Canadian Underwriter

Blame auto losses for lackluster 2017 P&C results

January 2, 2018   by Greg Meckbach

Print this page Share

Despite a “relatively benign” year in Canada for catastrophes in 2017, the industry-wide combined ratio in Canada was still fairly high at 96.8% during the first nine months of last year, with auto results partly to blame, MSA Research reported in its 2017 Q3 quarterly outlook.

MSA reported the combined ratio was 104% in the first nine months of 2016. During that time, wildfires in Alberta resulted in the evacuation of Fort McMurray and Canada’s most expensive natural disaster to date, at nearly $4 billion in insured losses.

With no major catastrophes such as Fort McMurray happening in 2017, the loss ratio in the Canadian industry improved 7.3% — from 72.6% in the first nine months of 2016 to 65.3% during the same period last year. (MSA’s figures exclude the province-owned auto insurers in British Columbia, Saskatchewan and Manitoba as well as most insurers regulated by Quebec’s Autorité des marchés financiers.)

Even so, the combined ratio during the first nine months of 2017 (at 96.8%) was only 7.2% lower than the same period in 2016.

“Improvement was mooted due to elevated losses in auto lines in many parts of the country,” MSA president and CEO Joel Baker wrote, noting the loss ratios in auto were 82.7% in Alberta and 72.7% in Ontario.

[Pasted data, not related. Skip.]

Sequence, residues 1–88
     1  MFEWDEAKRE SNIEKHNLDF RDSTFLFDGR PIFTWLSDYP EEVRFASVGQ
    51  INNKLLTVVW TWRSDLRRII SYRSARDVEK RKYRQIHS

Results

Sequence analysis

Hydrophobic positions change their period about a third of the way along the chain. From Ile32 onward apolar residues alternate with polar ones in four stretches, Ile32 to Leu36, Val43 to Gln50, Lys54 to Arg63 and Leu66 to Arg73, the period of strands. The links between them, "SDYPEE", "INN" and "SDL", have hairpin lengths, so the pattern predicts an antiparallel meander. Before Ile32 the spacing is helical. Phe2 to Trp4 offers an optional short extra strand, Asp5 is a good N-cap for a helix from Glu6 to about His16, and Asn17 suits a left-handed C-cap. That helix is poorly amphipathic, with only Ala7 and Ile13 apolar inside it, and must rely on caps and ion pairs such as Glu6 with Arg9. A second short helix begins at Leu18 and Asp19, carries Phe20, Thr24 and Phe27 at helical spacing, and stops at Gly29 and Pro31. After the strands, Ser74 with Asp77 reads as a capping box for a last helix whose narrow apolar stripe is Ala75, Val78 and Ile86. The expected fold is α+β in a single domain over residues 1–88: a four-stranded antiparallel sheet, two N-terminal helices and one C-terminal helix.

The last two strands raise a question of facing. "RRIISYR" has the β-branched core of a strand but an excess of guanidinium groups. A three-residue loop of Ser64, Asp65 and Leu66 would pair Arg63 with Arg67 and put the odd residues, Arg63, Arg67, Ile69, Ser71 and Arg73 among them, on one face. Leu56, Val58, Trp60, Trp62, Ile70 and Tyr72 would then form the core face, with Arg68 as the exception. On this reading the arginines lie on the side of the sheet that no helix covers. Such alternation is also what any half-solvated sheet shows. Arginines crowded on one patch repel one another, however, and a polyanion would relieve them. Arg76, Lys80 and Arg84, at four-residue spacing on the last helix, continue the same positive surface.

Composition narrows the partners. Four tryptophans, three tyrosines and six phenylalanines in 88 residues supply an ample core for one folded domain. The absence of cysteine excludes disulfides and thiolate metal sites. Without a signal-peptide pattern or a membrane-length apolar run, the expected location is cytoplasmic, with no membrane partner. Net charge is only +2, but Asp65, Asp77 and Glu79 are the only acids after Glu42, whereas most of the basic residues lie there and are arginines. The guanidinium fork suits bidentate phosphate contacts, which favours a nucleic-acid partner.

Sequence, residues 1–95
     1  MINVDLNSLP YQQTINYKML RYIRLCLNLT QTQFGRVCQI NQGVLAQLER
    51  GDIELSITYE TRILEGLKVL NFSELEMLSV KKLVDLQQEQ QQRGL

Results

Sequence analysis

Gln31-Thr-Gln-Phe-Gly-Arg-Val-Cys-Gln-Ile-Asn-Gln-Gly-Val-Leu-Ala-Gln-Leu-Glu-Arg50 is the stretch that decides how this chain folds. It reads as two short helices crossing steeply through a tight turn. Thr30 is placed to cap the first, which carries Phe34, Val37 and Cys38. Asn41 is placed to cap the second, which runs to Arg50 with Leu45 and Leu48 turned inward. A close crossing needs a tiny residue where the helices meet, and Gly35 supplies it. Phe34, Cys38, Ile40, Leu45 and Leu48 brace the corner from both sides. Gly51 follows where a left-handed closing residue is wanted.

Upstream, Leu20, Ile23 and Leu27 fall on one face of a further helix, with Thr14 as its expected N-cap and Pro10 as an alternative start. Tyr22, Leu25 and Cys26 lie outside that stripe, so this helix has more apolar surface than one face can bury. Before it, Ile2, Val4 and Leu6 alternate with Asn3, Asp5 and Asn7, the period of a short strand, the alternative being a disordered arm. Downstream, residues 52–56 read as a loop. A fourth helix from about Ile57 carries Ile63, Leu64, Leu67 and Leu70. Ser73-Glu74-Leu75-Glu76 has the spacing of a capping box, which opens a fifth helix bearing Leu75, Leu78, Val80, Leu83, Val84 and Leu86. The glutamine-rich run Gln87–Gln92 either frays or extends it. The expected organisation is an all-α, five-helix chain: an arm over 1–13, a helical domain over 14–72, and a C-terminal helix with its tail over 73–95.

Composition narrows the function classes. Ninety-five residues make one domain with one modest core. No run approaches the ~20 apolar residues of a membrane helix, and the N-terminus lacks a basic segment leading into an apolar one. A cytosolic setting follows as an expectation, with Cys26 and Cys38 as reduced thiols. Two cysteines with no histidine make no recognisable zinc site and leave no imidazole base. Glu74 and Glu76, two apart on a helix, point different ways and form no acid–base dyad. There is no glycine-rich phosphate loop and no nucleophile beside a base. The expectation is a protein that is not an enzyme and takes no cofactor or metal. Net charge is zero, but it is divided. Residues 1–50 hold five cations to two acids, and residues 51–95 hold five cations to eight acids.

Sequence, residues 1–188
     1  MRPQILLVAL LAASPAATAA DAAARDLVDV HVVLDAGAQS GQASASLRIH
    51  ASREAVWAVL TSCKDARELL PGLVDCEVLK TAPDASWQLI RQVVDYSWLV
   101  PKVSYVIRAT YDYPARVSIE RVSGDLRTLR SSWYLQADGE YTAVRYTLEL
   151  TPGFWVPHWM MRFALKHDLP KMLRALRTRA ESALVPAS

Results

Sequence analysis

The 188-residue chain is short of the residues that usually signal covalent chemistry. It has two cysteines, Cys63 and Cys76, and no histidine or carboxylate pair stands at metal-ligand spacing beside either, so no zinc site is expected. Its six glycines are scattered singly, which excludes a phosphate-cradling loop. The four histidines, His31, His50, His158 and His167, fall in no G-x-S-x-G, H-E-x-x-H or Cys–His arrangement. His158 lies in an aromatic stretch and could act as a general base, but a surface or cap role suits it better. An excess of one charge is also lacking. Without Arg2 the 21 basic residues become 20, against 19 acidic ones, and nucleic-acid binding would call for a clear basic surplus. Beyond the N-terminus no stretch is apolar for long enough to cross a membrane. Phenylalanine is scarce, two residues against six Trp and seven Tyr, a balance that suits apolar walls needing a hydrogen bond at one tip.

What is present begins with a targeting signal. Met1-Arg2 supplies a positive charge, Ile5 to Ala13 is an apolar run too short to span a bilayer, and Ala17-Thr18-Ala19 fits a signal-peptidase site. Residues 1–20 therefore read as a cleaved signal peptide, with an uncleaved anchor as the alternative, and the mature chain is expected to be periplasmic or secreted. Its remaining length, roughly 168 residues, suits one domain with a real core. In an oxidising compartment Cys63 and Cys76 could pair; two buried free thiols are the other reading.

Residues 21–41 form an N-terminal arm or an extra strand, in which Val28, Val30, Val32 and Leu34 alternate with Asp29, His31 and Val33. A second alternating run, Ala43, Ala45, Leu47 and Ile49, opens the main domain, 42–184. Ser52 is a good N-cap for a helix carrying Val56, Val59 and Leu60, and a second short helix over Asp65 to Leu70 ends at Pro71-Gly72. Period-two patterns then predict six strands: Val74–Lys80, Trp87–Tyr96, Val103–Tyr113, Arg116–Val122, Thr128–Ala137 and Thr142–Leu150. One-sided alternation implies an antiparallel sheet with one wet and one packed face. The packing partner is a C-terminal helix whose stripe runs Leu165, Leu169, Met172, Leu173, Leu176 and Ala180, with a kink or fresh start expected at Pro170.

In Ontario auto, regulatory changes that took effect for accidents occurring since June, 2016 “have not fully been reflected yet” in Intact Financial Corp.’s results as of June 30, 2017, said Patrick Barbeau, senior vice president of claims at Intact, during a conference call in August, 2017.

Also, Baker wrote, a combined ratio of 96.8% “cannot be considered stellar” in the current interest rate environment.

Industry-wide investment income in the Canadian P&C sector dropped from $2.27 billion in the first nine months of 2016 to $2.23 billion during the same period of 2017.

The Bank of Canada announced last month the target for the overnight rate is unchanged, at 1%. Over the past few decades, the rate peaked at 21% in August 1981, dropped to 9% in the middle of 1991, slid down further to 4.5% at the end of 2007, and bottomed out to 0.75% by the end of 2016, before rising again to 1% at the end of September 2017.

One positive sign for the industry is premium growth. In January 2018, MSA reported that net premiums written in the Canadian industry were $34.8 billion during the first nine months of 2017, up 3.2% from $37.6 billion in the same period in 2016.

Print this page Share

Have your say:

Your email address will not be published. Required fields are marked *